How much of our choice of profession depends on who our parents are? Parents pass on their genes, set an example, provide opportunities, and give advice to either aim for or steer clear of their own lines of work. In the end, do their children end up in the same type of job? Do siblings choose the same occupation? And is this more or less true for different professions?
To study these questions, we analyzed in aggregate two related sets of de-identified Facebook data: one a sample of siblings' choices of profession, and the other of parent-child choices. The sample included those pairs of individuals in English-speaking locales who specified a sibling or parent-child relationship on Facebook, along with filling in their occupations. The occupations were mapped to major occupation categories 1. The military occupation category is over-represented because it is mapped based on both employer and stated occupation and past military service, whereas other job categories were mapped based on stated occupation only. Since the data excludes those not specifying an occupation on Facebook, it may not be representative of the population overall, but is interesting to study nonetheless.
Do children share their parents' occupations? Mouse over the interactive visualizations to see what professions children choose.
The interactive visualization shows that the probability of a child's occupation falling into any given category does vary by occupation. Using a sample of 5.6M parent-child pairs from English-speaking locales both listing an occupation, we first calculated the probability of a child having an occupation, given their father's occupation, e.g. a lawyer-father having a doctor-son (5%). We also then calculated how elevated this probability is relative to the overall proportion of doctors among sons. In this case a son of someone in the legal profession is 4.6 times as likely to practice medicine than sons in general.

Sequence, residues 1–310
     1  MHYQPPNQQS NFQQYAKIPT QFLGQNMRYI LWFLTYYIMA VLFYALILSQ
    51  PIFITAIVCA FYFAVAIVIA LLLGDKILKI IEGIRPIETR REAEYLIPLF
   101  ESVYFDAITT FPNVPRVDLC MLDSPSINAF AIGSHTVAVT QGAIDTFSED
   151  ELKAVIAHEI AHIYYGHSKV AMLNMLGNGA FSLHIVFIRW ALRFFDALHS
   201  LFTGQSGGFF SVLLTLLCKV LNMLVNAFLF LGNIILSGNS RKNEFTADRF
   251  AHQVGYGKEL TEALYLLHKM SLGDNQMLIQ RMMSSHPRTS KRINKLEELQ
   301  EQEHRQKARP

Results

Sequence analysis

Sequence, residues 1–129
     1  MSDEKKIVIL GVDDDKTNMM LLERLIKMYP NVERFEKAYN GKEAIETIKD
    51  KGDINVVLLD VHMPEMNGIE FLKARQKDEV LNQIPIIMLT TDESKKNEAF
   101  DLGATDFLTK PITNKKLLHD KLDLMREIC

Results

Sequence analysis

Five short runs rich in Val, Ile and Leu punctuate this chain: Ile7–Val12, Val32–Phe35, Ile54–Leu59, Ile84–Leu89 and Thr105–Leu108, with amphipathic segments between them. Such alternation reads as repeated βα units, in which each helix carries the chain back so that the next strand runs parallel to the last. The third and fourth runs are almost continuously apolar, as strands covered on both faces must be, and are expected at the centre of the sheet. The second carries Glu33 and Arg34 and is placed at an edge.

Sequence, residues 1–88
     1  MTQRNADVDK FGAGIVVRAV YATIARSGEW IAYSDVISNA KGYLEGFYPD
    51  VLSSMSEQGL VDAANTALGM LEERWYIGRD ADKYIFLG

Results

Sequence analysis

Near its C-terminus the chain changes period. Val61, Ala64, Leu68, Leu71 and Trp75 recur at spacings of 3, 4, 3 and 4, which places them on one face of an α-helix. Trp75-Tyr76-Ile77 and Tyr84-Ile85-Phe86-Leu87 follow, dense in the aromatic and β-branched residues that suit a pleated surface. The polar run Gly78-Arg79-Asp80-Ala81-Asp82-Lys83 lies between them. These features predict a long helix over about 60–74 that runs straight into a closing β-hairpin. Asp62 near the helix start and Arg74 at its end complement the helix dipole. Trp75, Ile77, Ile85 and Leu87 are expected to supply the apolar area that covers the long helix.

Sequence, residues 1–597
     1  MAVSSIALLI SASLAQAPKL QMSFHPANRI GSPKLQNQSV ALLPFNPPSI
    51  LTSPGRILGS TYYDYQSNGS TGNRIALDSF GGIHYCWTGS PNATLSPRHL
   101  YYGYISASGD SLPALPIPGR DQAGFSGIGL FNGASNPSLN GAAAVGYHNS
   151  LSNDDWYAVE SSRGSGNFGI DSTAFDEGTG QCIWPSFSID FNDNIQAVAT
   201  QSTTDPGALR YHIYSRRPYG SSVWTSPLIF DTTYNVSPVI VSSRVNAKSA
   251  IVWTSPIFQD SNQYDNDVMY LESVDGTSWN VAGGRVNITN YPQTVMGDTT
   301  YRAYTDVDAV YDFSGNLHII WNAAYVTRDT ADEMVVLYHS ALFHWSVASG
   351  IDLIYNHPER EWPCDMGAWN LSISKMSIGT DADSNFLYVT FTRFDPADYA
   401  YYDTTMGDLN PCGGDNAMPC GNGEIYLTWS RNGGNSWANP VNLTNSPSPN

In this network visualization, each node represents an occupation-gender pair, e.g. women who are scientists. Labels are abbreviated. Edges denote how much more likely a child of a parent in one profession is to choose another profession vs. someone from the general population. Only edges with a multiplier of at least 2.5 are shown.
Another way of looking at connections between parent-child occupations is through a network visualization, shown above. For example, fathers in the military are more likely than average to have a son in protective service, and a line is drawn showing that relationship between parent and child occupations. By laying out the network of such connections, using a force-directed network layout algorithm to place occupations with unusually high inter-generational links closer together, we see professions clustering slightly into ones requiring a secondary degree (college and higher) or not.